Diabetes Diet

A Diet for Managing the Most Common Condition of Diabetes

Almost all of us who have diabetes have to deal with other medical problems too. But none of these conditions affects more of us than obesity and the problems that come with it.

More than 85 percent of adults with diabetes were overweight in the U.S. government’s Third National Health and Nutrition Examination Survey. And 54.8 percent of the adults with diabetes were obese.

That’s why a study that a journal of the American College of Physicians will publish tomorrow is so important to us even though it specifically excluded people with diabetes. The study also excluded anyone who had heart or kidney disease, but it did include 119 men and women with a body mass index of 30 to 45.

When people have a BMI of 30 or higher, they are considered obese. If their BMI is above 40, they are commonly considered severely or morbidly obese.

Researchers from Tulane University’s School of Public Health and Tropical Medicine studied these people for one year, randomly assigning them to either a low-carbohydrate or low-fat diet. The abstract of the Annals of Internal Medicine report is free online at “Effects of Low-Carbohydrate and Low-Fat Diets,” but last week a representative of the American College of Physicians provided me with an advance copy of the full-text under embargo until this afternoon.

Different people define low-carb differently, but this study really was low-carb. The people assigned to the low-carbohydrate diet were told to eat less than 40 grams of digestible carbohydrate — total carbs less fiber — per day.

Those assigned to the low-fat diet were told to eat less than 30 percent of their calories from total fat and less than 7 percent from saturated fat with 55 percent from carbohydrates. These are the guidelines of the National Cholesterol Education Program.

Serious questions now attend those guidelines. In every respect the people in this study following the low-carb diet did better than or equally well as those following that standard American diet.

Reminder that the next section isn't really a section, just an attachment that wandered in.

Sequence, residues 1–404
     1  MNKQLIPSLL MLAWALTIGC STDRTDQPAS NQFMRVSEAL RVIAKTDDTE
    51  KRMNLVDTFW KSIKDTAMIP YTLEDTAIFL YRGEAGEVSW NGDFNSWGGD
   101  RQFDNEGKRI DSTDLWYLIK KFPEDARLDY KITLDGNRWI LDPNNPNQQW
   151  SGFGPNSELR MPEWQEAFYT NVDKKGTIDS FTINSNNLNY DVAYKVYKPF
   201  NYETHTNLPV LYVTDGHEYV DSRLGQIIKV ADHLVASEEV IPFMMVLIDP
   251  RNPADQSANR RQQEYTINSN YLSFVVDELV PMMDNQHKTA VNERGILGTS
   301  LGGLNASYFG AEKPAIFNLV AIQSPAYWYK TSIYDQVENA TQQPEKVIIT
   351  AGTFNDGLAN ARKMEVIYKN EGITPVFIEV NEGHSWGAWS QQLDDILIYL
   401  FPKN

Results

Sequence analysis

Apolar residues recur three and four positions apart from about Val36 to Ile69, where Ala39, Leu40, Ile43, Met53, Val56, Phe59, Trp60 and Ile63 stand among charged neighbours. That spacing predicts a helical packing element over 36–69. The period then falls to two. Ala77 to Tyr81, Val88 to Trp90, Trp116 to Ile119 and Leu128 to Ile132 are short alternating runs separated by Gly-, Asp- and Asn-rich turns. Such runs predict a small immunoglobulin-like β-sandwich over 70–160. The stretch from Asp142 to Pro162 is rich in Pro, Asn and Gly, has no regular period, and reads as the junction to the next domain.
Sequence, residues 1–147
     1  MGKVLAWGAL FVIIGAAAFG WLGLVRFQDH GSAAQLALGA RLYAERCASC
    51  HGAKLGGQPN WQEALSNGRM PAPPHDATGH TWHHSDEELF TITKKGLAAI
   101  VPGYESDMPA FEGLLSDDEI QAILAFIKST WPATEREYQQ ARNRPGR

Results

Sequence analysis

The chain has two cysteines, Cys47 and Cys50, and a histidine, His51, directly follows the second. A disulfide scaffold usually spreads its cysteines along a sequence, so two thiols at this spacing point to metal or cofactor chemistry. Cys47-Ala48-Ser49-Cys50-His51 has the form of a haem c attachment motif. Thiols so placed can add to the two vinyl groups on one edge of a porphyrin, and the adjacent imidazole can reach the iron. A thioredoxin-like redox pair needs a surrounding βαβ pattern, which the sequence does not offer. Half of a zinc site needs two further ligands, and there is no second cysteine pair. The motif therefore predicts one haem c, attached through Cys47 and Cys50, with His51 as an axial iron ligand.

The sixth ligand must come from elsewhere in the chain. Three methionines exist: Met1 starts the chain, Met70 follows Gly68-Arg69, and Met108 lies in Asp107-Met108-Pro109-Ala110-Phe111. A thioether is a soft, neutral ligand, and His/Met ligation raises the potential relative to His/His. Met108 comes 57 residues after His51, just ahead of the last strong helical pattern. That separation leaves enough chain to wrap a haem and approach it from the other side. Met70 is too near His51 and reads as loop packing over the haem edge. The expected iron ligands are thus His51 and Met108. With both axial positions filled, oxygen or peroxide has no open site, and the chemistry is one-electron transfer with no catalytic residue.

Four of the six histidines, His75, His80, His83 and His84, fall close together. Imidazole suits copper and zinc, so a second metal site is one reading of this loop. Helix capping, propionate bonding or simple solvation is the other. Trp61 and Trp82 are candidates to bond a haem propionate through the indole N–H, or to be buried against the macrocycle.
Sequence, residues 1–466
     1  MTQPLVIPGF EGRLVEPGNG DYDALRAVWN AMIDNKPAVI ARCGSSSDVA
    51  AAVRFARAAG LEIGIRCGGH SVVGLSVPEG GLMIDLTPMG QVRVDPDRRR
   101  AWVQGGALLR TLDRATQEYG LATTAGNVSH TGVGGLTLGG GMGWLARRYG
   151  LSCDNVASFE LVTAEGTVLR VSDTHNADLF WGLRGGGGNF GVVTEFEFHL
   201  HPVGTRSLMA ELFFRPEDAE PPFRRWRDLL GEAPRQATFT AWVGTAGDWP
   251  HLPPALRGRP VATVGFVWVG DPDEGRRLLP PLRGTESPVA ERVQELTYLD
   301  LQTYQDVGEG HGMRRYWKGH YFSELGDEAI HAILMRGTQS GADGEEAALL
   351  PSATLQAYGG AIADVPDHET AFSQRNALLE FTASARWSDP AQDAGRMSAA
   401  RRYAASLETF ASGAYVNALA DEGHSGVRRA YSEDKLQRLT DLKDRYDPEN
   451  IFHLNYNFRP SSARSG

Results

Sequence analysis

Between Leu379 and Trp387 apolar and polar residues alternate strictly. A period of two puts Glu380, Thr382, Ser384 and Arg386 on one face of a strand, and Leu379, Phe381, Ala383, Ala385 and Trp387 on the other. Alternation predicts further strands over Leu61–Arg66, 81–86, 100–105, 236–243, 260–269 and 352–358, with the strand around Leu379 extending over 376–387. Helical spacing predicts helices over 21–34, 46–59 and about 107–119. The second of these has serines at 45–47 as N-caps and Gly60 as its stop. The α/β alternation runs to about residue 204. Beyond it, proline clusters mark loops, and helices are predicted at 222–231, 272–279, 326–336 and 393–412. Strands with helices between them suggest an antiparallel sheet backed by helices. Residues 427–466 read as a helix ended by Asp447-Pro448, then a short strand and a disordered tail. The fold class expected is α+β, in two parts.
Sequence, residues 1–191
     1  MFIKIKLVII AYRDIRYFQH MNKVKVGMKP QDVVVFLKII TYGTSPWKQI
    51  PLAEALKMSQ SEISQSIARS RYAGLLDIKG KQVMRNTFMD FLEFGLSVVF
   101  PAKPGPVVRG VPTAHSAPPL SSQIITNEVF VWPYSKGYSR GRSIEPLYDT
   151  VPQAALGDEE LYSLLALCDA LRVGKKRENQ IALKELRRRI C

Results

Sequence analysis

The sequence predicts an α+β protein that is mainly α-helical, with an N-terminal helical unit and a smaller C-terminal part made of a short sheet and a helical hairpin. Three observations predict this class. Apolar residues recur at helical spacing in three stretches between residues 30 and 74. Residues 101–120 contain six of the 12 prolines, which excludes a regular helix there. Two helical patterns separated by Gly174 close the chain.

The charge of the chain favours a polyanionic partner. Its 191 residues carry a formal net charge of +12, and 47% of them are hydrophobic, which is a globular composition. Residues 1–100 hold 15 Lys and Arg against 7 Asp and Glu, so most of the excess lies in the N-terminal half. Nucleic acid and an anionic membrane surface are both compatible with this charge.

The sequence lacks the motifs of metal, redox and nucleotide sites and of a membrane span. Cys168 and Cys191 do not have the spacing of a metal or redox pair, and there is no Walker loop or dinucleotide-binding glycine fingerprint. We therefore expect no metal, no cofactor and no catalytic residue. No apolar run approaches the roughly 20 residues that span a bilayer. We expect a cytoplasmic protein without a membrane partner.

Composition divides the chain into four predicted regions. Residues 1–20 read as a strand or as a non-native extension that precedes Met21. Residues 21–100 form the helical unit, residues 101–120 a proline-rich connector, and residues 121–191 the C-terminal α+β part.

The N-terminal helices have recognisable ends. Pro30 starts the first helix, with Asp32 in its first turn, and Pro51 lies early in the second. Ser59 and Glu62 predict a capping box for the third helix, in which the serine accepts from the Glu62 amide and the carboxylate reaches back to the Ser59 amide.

At each step of the way — at 3, 6, and 12 months into the study — the participants on the low-carb diet lost more weight than those on the low-fat diet. At the end of the year-long study those in the low-carb group lost an average of 7.7 pounds more than those in the low-fat group.

The low-carb group also had better levels of serum lipids. HDL cholesterol — known as the good cholesterol — was significantly more in the low-carb group. Likewise, the triglyceride levels — where lower is better — were significantly lower among the participants in the low-carb group. And the levels of C-reactive protein, which rises in response to inflammation, were significantly lower among those eating a low-carb diet.

I am not surprised. Why? Because of my personal experience of switching to a low-carb diet more than six years ago. My weight went down to my current BMI of about 19, my HDL went way up, and my triglycerides plummeted. I now have a low CRP level.

Since then, several studies have indicated that nothing works better for weight loss than a low-carb diet. Maybe this randomized study will put the last nail in low-fat’s coffin so all of us can live healthier lives.

This article is based on an earlier version of my article published by HealthCentral.

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